BURUNDIAN Facts & Figures

Size: 10,745 square miles

Population: 10,216,190

Capital: Bujumbura

Currency: Burundi Franc

Weather / Climate:

Burundiin general has a tropical highland climate, with a considerable daily temperature range in many areas. Temperature also varies considerably from one region to another, chiefly as a result of differences in altitude. The central plateau enjoys pleasantly cool weather, with an average temperature of 20 °C (68 °F). The area around Lake Tanganyika is warmer, averaging 23 °C (73.4 °F); the highest mountain areas are cooler, averaging 16 °C (60.8 °F). Bujumbura’s average annual temperature is
23 °C (73.4 °F). Rain is irregular, falling most heavily in the northwest. Dry seasons vary in length, and there are sometimes long periods of drought. However, four seasons can be distinguished: the long dry season (June–August), the short wet season (September–November), the short dry season (December–January), and the long wet season (February–May). Most of Burundi receives between 1,300 and 1,600 mm (51.2 and 63.0 in) of rainfall a year. The Ruzizi Plain and the northeast receive between 750 and 1,000 mm (29.5 and 39.4 in).

www.wikipedia.com

BURUNDIAN languages

The official languages of Burundi are Kirundi and French. Swahili is also spoken. No other languages are spoken natively in any significant numbers.

Source: http://en.wikipedia.org/wiki/Languages_of_Burundi

BURUNDIAN people

As of 2008, Burundi was projected to have an estimated population of 8,691,005 people. This estimate explicitly takes into account the effects of AIDS, which has a significant effect on the demographics of the country.[1] Over 500,000 have been displaced due to the disease.[5] Many Burundians have migrated to other countries as a result of the civil war. In 2006, the United States accepted approximately 10,000 Burundian refugees.[59]

Most Burundians live in rural areas, and about six percent of the population live in urban areas.[60] The population density of around 315 people per square kilometer (753 per sq mi) is the second highest in Sub-Saharan Africa.[6] Roughly 85% of the population are of Hutu ethnic origin, 15% are Tutsi, and fewer than one percent are Twa.[61]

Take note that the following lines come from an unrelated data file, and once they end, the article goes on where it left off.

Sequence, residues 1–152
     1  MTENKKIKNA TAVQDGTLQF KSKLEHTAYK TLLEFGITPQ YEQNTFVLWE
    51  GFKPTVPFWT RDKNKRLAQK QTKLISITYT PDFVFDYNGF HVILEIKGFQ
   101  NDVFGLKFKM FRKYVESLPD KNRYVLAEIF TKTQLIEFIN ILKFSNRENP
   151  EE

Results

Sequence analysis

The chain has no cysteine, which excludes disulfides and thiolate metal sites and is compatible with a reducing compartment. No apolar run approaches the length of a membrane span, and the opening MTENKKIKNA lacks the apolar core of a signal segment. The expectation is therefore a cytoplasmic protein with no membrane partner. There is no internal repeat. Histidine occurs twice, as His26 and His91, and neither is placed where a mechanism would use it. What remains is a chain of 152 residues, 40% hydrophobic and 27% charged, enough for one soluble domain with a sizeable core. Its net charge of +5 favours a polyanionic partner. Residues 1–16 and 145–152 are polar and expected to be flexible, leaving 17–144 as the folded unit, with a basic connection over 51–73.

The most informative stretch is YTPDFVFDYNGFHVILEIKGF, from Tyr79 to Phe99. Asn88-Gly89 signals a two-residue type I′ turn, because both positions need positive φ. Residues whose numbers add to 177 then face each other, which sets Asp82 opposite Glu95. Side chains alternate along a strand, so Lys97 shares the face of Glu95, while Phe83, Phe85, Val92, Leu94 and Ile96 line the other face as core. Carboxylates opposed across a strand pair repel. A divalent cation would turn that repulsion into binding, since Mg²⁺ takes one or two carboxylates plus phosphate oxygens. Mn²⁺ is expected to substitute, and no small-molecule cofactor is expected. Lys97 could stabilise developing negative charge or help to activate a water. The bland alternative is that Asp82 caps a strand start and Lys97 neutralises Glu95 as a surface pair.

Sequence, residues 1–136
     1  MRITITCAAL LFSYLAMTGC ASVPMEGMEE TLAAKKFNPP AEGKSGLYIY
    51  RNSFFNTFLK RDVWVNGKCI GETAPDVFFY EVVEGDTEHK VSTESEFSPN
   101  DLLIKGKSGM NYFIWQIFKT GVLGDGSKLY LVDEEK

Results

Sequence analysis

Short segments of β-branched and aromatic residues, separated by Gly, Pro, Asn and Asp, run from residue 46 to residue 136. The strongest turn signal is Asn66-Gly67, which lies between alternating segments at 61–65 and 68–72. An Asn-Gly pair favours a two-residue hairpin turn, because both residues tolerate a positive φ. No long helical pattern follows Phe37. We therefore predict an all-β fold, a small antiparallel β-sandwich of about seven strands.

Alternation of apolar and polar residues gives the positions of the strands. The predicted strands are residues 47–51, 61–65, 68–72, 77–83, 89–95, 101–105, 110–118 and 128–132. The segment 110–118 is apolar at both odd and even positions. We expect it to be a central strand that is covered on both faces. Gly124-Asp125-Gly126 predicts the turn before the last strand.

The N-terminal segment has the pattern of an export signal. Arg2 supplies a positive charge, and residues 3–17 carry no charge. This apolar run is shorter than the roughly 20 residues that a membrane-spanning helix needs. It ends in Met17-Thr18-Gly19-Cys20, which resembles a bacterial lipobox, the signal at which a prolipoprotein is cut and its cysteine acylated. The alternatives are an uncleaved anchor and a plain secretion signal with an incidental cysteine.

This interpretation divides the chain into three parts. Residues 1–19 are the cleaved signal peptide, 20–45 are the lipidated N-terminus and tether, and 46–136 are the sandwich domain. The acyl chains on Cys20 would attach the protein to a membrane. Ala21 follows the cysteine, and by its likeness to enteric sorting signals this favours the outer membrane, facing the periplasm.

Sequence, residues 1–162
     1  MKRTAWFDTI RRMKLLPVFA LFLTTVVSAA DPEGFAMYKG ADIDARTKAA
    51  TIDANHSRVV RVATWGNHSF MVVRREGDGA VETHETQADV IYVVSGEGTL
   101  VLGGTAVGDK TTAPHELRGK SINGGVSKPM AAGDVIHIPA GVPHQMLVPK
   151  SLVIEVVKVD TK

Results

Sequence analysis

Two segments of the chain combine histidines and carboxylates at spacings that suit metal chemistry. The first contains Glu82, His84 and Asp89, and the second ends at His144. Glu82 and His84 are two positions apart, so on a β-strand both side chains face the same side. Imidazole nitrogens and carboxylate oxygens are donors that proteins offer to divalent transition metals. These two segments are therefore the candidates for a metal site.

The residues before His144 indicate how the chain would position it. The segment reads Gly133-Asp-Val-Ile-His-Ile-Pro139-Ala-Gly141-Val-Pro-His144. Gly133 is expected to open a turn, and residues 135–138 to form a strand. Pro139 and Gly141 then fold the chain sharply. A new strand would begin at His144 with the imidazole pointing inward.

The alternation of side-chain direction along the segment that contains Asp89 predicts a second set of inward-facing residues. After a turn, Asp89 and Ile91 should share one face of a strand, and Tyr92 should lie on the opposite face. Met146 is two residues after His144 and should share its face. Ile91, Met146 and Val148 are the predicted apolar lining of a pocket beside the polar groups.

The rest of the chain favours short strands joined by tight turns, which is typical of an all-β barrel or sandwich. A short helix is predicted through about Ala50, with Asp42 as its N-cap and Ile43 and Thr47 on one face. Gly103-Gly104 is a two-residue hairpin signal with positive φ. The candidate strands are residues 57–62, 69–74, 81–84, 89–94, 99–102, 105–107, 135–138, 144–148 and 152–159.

Taken from: http://en.wikipedia.org/wiki/Burundi#Demographics

BURUNDIAN food

Burundiis situated in Central Africa and has a territory full of mountains, savannas and agricultural fields, with forests in the surrounding of rivers and waters. Agriculture is spread on 80 % of the country’s surface and it especially includes coffee, tea, corn, beans and manioc. Due to these characteristics, the Burundi cuisine is very representative for the African culinary culture, as it includes beans, which are the staple of Burundi cooking, exotic fruits (mainly bananas) plantains, sweet potatoes, cassava, peas, maize and cereals, like corn and Wheat. Not much of meat is consumed in Burundi, due to the fact that animal breeding is a secondary occupation; still, there are some dishes that include goat and sheep meat but cows are very secret.A major aspect when discussing the Burundian cuisine is based on the economical conditions of the country: the Burundian people usually eat homemade food, from homemade vessel, also used for drinking, carrying water and storing grain.

The major difference between the regions of Burundi is the fact that there aren’t many restaurants in the small towns and rural areas (in there, homemade traditional food is consumed on regular basis, including beans, plantains, bananas and corn), while in the urban areas, there can be found numerous cuisines. In the capital Bujumbura (located on the Lake Tanganyika) and in Gitega, there are various traditional restaurants, including the most popular ones, French and Greek. In all urban areas, besides the traditional cuisine of Africa and the European ones, Asian cuisine is present in many restaurants and hotels. The Asian influences are felt in the rice dishes, very spicy foods and the famous chapati. Chapati is a bread that comes from India and the recipe of the dough includes flour, water, salt and oil – these are all made in a tawa, which is a round griddle or in an iron skillet.

Preparation Methods for Burundian Cooking